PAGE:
This year I expanded further into Social Media and spent more time working on that than any other aspect of online marketing and web development. I developed branding pages for myself as a writer to test out new techniques and applications so I could better serve people who paid for my web development services and before long the successes I had with different platforms and techniques made my networks a relatively valuable asset themselves.
I have always thought that the basis for growing and succeeding online as well as the best ways to navigate the rest of the Internet is through online community involvement. You can read articles all day long, but unless you know exactly what you’re looking for it’s hard to find an earth shattering discovery that ends up changing the way you use the Internet. Communities however are two-way, and they leverage the wealth of knowledge of their members so you get the benefit of crowd sourced information, which usually lets the better techniques and resources surface and then gain approval by the majority of community members.
I’ve become a true master of web development by being part of an online fantasy wrestling community, a community for web designers, a community for video game enthusiasts, a technology based community, communities developed around online games, a writing community, a political forum and most recently a social media community. I’ve learned tricks that proved to be more useful than anything I had in my arsenal from kids playing MySpace mobsters, so it’s important to judge a community by its members and not a façade.
A friend from the writing community I’m a part of suggested that I join a social networking game called Empire Avenue toward the end of the year. I had been blogging about social media in addition to the tech articles I write, Empire Avenue was similar to the stock market which I invest heavily in and it was a game (I like games!). Needless to say Empire Avenue was a perfect fit for me. My stock did fairly well, I met a lot of new people and decided to launch a new blog (this one) because of common interests I had with those particular community members.
Empire Avenue is head and shoulders above other online communities, and I’ll tell you why. Being a community of social networkers, most of the members are familiar with how you should act online to increase response and create a welcome feeling. In the writing community I frequented prior to Empire Avenue the members were horribly ill mannered, opinionated, suffered from a lack of self-awareness. The community managers had proper attitudes and were extremely forgiving which exacerbated the discourse.
In addition to being more bearable to exchange ideas with, it improves communication immensely. If you would have told me 5 years ago that you knew of an online community that genuinely welcomes newcomers and was void of trolls and people who generally enjoy discourse, I would have told you to stop smoking drugs.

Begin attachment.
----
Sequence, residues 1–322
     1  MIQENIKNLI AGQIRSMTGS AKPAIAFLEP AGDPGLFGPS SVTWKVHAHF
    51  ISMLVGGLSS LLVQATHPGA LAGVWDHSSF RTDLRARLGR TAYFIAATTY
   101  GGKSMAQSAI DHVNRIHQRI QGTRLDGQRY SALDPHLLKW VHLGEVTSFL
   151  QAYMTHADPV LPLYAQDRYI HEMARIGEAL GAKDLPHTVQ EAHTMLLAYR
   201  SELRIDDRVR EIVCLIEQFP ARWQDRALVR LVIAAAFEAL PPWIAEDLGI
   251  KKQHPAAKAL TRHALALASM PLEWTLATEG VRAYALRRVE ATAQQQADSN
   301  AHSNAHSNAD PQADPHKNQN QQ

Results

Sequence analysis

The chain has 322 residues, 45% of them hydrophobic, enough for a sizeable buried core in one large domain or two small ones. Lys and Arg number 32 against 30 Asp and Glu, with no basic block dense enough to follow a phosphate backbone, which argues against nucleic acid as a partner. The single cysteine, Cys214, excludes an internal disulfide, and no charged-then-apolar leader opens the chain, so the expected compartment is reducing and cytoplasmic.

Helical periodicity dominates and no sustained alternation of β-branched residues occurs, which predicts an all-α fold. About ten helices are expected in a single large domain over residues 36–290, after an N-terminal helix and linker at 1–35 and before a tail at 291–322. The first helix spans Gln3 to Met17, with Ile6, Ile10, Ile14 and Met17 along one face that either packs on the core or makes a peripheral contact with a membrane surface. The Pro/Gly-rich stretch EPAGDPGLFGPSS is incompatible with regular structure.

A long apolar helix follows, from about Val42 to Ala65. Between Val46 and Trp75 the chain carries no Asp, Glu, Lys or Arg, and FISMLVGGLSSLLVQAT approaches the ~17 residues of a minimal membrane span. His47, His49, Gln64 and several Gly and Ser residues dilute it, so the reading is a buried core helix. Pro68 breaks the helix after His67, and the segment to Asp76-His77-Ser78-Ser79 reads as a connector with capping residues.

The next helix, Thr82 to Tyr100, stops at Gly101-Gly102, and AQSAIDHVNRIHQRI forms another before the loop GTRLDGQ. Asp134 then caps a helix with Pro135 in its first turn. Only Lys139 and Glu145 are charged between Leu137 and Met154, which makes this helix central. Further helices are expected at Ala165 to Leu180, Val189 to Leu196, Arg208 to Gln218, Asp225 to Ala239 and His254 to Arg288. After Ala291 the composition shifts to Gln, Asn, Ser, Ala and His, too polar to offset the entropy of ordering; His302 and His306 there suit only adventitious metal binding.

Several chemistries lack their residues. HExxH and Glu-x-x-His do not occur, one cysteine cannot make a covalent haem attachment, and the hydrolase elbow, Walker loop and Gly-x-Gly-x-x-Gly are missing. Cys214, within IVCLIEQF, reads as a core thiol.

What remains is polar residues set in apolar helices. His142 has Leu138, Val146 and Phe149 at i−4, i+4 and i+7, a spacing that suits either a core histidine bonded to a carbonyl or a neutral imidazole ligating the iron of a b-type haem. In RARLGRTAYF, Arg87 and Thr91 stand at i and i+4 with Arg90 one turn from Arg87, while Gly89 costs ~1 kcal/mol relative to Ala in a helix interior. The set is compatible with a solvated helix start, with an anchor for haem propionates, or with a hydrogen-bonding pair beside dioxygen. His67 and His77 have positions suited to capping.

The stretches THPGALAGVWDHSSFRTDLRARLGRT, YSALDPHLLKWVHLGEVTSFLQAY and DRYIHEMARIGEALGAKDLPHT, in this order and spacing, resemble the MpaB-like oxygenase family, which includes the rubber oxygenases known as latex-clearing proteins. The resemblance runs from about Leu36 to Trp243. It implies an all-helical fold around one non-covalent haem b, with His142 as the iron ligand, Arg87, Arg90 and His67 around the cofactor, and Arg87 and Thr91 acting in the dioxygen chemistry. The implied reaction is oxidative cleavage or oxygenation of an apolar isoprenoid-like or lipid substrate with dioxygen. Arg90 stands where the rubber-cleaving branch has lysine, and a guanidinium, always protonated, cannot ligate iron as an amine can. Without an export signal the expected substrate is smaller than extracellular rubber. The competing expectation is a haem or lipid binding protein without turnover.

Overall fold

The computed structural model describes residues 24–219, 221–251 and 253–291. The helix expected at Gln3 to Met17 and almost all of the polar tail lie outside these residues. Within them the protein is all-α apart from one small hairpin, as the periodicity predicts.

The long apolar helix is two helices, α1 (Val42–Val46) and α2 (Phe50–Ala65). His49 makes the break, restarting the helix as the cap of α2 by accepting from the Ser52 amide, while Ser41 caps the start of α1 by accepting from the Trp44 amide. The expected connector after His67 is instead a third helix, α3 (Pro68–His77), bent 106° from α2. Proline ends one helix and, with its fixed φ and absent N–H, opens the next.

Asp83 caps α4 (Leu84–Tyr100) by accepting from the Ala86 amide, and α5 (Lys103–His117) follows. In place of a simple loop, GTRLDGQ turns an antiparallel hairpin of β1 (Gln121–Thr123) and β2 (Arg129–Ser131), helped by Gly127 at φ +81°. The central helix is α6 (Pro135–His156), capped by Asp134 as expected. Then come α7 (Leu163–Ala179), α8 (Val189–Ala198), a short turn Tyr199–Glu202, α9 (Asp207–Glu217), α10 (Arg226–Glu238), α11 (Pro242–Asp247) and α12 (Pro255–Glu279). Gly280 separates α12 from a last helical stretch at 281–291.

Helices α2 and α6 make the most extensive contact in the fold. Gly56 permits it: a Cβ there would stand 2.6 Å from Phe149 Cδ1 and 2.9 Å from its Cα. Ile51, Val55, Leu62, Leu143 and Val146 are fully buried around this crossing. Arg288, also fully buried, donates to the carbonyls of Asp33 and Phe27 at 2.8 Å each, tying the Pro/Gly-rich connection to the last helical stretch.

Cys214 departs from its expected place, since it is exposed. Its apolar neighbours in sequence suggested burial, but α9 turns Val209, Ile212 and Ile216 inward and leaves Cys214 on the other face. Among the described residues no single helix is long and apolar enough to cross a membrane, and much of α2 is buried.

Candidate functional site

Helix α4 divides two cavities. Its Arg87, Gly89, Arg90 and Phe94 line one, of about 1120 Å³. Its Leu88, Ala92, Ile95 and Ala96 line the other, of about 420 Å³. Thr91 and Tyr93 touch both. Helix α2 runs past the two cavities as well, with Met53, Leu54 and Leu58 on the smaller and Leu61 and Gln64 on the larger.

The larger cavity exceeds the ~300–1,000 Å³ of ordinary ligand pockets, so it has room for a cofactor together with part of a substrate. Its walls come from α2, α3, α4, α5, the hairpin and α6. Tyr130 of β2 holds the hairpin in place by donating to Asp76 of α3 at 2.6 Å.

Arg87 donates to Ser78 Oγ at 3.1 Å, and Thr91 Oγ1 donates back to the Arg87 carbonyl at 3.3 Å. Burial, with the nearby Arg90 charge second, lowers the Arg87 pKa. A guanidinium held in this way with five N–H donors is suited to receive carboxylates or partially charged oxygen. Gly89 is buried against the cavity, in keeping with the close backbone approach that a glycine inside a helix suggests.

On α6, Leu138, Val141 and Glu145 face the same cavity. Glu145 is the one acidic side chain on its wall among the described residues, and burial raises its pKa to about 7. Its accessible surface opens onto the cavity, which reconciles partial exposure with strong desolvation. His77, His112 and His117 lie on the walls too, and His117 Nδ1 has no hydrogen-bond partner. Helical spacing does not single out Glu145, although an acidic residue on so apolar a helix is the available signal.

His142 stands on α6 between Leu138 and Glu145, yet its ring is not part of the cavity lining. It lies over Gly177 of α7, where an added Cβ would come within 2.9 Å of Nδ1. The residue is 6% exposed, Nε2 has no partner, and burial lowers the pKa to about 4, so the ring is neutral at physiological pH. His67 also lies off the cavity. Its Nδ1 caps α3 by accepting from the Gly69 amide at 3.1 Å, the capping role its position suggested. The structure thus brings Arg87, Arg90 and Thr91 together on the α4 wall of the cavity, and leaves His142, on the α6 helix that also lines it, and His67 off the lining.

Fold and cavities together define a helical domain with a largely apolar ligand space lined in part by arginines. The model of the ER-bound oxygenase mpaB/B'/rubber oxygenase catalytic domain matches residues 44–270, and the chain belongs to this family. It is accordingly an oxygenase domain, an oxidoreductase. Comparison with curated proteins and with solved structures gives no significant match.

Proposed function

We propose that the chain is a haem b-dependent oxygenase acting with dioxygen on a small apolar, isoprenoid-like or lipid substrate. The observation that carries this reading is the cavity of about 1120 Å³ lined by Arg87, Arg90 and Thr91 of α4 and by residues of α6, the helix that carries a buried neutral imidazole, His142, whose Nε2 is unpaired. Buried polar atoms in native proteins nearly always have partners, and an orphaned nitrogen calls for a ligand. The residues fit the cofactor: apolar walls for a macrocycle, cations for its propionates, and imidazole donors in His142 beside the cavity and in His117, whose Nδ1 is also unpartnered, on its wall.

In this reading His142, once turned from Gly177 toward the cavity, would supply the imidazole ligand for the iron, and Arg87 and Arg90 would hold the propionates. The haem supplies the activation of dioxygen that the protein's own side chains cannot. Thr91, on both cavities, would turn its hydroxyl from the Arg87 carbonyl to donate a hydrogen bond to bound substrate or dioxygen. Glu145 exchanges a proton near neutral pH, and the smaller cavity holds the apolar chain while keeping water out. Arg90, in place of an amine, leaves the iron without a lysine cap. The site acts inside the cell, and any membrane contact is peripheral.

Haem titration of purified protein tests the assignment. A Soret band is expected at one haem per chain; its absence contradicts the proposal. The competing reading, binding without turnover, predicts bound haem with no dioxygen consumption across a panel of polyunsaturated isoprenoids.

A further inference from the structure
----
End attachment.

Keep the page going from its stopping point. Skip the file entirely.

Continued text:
I like playing the game, and there is some benefit to be gained by missions as well as some of the analytical tools available within the application. The real value of Empire Avenue is the community it fostered which is basically social media enthusiasts that like to try new things and understand the value of tempering their online actions. Most of the players are actively growing their social networks so it has also become a network of users who will be popular pundits and authors in 5 years. Don’t be fooled by niceties, there is serious discussion and exchange of ideas that goes on within our community (Check out the #eAvchat on Twitter or one of the several Facebook groups if you’ve missed it), but when you avoid having an overtly offensive tone and passive aggressive responses it keeps the discussion constructive, and social media enthusiasts understand that better than any other niche on the Internet. It may be that social media draws users that are predisposed to playing nice and generating positive attitudes.
If you haven’t tried Empire Avenue yet I strongly suggest you do it now. I have made more long term friends and business contacts from this one network than any other network I’ve ever been a part of. If you need a more literal reason, the mission feature lets you generate engagement and drive traffic to any web address you choose in exchange for the currency you generate playing the game.
It isn’t a game for everybody, and not everybody needs more traffic, but if you haven’t tried it you don’t know what you’re missing. If you are already a member you should join one of the Facebook groups of Empire Avenue shareholders or attend one of the Twitter chats hosted by @mqtodd that draws many of the players and focuses on Empire Avenue, other online tools and lessons we have all learned throughout our time using web 2.0 applications. As I always say “Eaves are worthless, but the type of players that an application like Empire Avenue was made for are priceless.”